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Color, Culture and Crisis: MOCA North Miami Exhibits 25 Grant Winning South Florida Artists in Cultural Consortium

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The latest exhibition at the Museum of Contemporary Art (MOCA) North Miami just flows. 

South Florida Cultural Consortium is a group exhibition of 25 artists from South Florida, spanning Key West to West Palm Beach. The participating artists won grants in 2014 and 2016 from the South Florida Cultural Consortium, which awards the largest government sponsored grants to artists in Broward, Miami-Dade, Monroe, Palm Beach and Martin Counties.

Sharing a home, some of the most notable artists of the exhibit express their colorful culture while others bring attention to issues affecting South Florida, the whole country and the world at large like rising sea levels due to climate change. The exhibition peers into an uncertain future through the lens of concerned locals, and uses technology, color and visual language to present innovative works that hint at the tropical spirit of this troubled, millennial age.

It is a challenge to get the work of different artists of varied genres who use eclectic media to form a cohesive, aesthetic whole. But, the curator Maria Elena Ortiz from Perez Art Museum (PAMM) successfully overcame the test of streaming through this diversity, and she put together a fluid and attractive show. The grand display includes photography, film, painting, sculpture and installations, and the artists are as multi-cultural as the melting-pot they represent.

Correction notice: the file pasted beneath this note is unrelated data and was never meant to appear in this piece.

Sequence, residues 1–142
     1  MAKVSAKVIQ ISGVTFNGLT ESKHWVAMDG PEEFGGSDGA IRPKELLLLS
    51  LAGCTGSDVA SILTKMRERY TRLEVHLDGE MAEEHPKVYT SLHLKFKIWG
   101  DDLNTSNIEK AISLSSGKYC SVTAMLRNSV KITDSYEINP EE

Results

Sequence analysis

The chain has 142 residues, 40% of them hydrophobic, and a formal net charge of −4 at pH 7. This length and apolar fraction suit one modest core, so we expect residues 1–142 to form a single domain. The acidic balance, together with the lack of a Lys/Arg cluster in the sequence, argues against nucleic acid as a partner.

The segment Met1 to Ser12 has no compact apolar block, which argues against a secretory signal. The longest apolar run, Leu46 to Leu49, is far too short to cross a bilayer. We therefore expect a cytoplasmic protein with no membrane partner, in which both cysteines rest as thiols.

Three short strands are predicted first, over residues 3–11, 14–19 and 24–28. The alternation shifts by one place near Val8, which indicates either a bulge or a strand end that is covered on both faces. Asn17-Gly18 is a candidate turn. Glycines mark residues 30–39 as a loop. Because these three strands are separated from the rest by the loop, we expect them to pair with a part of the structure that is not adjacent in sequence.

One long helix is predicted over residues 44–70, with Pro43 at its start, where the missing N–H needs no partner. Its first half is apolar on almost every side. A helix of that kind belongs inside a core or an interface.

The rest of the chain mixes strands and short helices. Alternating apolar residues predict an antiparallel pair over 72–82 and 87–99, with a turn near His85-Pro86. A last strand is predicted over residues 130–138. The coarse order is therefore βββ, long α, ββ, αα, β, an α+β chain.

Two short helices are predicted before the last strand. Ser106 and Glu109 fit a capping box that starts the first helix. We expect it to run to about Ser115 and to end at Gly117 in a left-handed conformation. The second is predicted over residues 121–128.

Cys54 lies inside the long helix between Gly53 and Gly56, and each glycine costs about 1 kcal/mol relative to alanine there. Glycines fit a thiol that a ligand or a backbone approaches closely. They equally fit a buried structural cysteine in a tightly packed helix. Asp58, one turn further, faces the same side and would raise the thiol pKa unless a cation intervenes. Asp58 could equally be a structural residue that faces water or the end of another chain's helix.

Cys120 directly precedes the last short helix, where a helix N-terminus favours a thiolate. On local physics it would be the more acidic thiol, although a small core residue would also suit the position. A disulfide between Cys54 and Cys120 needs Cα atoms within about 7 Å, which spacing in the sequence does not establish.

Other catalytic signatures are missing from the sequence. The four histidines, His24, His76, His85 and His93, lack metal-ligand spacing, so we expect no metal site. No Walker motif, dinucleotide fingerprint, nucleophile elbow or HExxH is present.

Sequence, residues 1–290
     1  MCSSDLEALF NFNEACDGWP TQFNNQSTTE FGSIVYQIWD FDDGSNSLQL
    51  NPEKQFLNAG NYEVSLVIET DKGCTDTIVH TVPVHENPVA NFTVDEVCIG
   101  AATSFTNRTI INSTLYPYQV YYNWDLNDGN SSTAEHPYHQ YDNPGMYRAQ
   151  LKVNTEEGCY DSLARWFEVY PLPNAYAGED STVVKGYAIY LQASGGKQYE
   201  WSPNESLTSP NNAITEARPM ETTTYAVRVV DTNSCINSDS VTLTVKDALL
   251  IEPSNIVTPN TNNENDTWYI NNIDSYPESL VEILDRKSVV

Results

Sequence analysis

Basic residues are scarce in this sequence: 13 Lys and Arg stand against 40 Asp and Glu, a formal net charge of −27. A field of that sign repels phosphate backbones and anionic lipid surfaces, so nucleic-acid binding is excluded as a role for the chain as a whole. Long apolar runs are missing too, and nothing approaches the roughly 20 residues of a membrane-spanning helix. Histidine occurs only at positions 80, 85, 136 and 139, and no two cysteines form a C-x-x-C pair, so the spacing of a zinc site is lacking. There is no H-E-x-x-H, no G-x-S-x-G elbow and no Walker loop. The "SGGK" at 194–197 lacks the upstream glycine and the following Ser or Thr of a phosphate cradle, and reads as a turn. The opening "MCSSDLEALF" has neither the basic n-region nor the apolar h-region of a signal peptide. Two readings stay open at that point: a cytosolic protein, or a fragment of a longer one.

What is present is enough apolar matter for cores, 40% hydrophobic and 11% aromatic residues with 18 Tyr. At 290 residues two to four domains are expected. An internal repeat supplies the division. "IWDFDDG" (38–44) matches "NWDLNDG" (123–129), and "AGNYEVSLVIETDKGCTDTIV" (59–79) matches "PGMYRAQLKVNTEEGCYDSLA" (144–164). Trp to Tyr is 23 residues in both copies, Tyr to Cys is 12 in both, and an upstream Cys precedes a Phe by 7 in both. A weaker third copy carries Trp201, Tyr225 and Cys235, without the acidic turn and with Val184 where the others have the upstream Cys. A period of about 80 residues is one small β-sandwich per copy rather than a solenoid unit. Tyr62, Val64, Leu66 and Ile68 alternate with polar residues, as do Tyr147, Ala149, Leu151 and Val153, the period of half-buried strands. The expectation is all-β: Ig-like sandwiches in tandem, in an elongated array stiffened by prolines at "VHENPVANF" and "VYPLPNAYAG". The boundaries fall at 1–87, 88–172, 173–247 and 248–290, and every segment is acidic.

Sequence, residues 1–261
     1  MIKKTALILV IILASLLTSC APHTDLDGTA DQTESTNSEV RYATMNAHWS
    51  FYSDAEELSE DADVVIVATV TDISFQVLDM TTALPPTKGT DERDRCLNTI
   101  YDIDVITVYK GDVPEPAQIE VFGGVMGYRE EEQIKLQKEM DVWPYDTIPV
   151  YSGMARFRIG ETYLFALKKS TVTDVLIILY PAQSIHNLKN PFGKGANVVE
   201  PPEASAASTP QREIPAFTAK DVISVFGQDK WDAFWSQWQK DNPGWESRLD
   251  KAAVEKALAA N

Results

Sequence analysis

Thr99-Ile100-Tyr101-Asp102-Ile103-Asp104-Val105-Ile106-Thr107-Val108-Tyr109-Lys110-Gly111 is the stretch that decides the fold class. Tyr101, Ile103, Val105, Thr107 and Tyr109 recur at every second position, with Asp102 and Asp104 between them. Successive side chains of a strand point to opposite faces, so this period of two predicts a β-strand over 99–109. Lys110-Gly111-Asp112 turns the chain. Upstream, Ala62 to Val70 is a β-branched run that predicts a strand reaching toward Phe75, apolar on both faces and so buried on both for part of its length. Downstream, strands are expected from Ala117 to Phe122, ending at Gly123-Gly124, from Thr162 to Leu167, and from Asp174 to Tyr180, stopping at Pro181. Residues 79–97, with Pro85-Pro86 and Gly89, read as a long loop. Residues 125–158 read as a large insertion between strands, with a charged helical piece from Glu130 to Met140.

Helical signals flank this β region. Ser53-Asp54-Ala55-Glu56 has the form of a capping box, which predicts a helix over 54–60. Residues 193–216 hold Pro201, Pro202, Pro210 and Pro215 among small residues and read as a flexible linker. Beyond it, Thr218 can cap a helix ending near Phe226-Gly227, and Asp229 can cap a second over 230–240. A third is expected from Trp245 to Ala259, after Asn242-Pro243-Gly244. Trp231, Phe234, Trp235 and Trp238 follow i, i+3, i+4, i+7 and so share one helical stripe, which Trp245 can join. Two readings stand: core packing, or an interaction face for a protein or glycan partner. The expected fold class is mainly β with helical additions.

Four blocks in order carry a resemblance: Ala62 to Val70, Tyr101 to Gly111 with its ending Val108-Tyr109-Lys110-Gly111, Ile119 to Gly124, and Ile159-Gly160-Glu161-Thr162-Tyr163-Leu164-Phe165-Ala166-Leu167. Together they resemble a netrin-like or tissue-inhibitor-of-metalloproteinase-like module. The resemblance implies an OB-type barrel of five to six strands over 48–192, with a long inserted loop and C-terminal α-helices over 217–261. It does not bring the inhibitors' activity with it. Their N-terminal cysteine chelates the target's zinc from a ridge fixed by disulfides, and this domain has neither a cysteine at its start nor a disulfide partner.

As Ortiz explained, some of the artists created a new oeuvre for this show while others presented works they already owned. They were given the option. There was not one theme they needed to follow as in other large scale shows. Yet, the exhibition flows from start to finish just like the fountain at the entrance of the museum where the first piece lies.

Anthony Anaya installed Endless Spring/Summer 16 at the MOCA’s fountain especially for this exhibition. Ortiz mentioned that Anaya said he knew exactly what he wanted to do for the show. He was haunted by the images of floating coffins that he saw on TV during the aftermath of Katrina. He thinks that the same tragedy can happen here because of the effects of global warming.  Some areas of South Florida like Miami Beach are already experiencing flooding, and scientists have predicted that by 2050 sea level rise will have inundated many areas of coastal land. Two coffins covered in roses and spray painted in a terra cotta red lie over the water in the haunting piece.

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Anthony Anaya Endless Spring/Summer 16
In the first exhibition room, Jillian Mayer makes a statement about the honesty of good art. Walking through a museum can be a spiritual experience, similar to the experience of being in a church. One should be silent and meditative. “Dont Tell Lies in Front of This Wall” reads her wall length Truther Mural, which she painted using spray enamel in black.

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Jillian Mayer Truther Mural